UNIT 21.7 Serpins (Serine Protease Inhibitors)
Published Online: 1 FEB 2002
Copyright © 2003 by John Wiley and Sons, Inc.
Lab Protocol Title
Current Protocols in Protein Science
How to Cite
Bauman, S. J., Whinna, H. C. and Church, F. C. 2002. Serpins (Serine Protease Inhibitors). Current Protocols in Protein Science. 26:21.7:21.7.1–21.7.14.
- Published Online: 1 FEB 2002
- Published Print: DEC 2001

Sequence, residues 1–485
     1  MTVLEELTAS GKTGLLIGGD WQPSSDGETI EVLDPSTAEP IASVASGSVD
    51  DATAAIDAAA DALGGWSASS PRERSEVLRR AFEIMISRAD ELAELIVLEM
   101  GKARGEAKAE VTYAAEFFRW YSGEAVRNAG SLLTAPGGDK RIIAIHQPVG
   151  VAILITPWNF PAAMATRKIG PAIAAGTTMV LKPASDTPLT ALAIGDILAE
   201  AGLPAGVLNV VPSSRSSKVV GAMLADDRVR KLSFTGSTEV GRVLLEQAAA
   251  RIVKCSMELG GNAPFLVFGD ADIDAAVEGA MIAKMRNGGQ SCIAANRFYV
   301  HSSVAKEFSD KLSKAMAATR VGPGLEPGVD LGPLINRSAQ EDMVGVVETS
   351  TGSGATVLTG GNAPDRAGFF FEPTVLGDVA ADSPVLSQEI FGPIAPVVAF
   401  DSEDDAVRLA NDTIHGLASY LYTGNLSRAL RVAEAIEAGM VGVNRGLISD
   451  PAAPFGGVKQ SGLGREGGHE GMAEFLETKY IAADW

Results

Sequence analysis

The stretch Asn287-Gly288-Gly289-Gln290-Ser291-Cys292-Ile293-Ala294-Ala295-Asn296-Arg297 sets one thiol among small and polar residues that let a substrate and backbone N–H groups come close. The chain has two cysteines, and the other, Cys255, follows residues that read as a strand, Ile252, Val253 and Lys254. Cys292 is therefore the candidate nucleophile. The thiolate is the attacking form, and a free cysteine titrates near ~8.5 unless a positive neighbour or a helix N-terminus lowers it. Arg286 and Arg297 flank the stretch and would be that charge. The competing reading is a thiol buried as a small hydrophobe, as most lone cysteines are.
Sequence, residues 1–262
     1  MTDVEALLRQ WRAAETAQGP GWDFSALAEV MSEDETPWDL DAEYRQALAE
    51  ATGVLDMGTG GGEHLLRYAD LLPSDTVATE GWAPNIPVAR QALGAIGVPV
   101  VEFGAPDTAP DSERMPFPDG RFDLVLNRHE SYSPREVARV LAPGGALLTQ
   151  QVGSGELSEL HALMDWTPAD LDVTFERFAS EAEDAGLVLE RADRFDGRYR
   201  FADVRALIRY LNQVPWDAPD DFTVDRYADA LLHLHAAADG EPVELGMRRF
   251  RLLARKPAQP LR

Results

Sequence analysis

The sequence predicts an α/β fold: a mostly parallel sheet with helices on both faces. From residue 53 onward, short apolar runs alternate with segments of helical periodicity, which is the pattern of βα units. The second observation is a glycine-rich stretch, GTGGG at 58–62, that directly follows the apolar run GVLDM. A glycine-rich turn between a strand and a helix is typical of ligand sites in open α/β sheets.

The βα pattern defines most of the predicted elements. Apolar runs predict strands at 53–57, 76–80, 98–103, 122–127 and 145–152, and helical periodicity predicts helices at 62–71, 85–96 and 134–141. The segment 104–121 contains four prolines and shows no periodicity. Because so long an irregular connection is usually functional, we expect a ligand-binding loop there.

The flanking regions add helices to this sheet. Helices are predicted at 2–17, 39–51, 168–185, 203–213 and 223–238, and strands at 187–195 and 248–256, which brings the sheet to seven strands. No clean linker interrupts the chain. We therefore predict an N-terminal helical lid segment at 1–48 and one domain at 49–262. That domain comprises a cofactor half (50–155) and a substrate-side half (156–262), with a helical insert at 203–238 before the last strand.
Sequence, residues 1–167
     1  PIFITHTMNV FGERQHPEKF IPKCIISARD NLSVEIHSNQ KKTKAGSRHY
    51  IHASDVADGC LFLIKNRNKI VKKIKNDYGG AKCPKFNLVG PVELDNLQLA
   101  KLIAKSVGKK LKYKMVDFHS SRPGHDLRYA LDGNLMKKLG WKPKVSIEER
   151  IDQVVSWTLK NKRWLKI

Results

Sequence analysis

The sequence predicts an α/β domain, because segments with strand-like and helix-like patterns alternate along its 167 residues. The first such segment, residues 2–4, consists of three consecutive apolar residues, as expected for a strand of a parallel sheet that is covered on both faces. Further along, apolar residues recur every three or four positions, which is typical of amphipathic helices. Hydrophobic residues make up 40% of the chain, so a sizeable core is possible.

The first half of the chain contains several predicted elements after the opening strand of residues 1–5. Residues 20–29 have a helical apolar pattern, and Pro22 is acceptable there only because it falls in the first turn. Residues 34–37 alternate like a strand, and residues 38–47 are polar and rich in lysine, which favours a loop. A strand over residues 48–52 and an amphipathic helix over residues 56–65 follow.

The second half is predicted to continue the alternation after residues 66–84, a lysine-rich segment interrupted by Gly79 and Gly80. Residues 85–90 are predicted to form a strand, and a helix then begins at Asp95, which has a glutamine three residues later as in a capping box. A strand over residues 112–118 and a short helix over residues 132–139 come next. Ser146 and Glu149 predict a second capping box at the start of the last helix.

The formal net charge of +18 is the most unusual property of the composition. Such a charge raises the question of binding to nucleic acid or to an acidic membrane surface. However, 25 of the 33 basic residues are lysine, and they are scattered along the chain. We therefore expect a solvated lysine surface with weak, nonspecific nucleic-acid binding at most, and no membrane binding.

Serpins are a class of proteins involved in the regulation of serine and other types of proteases. In humans, the majority of serpins regulate the functions of proteases involved in the body's response to injury. This includes roles in coagulation, fibrinolysis, inflammation, wound healing, and tissue repair. Serpins have been implicated in various animal and human pathologies by the loss of a functional serpin gene through deletion or mutation, which results in a defect in functional protein. Examples of sestorically called antithrombin III) are first described. Then, protocols to determine the second-order rate constant of AT inhibition of thrombin in the absence and presence of heparin are presented. Also provided is a partial list of other serpins and their purification methods.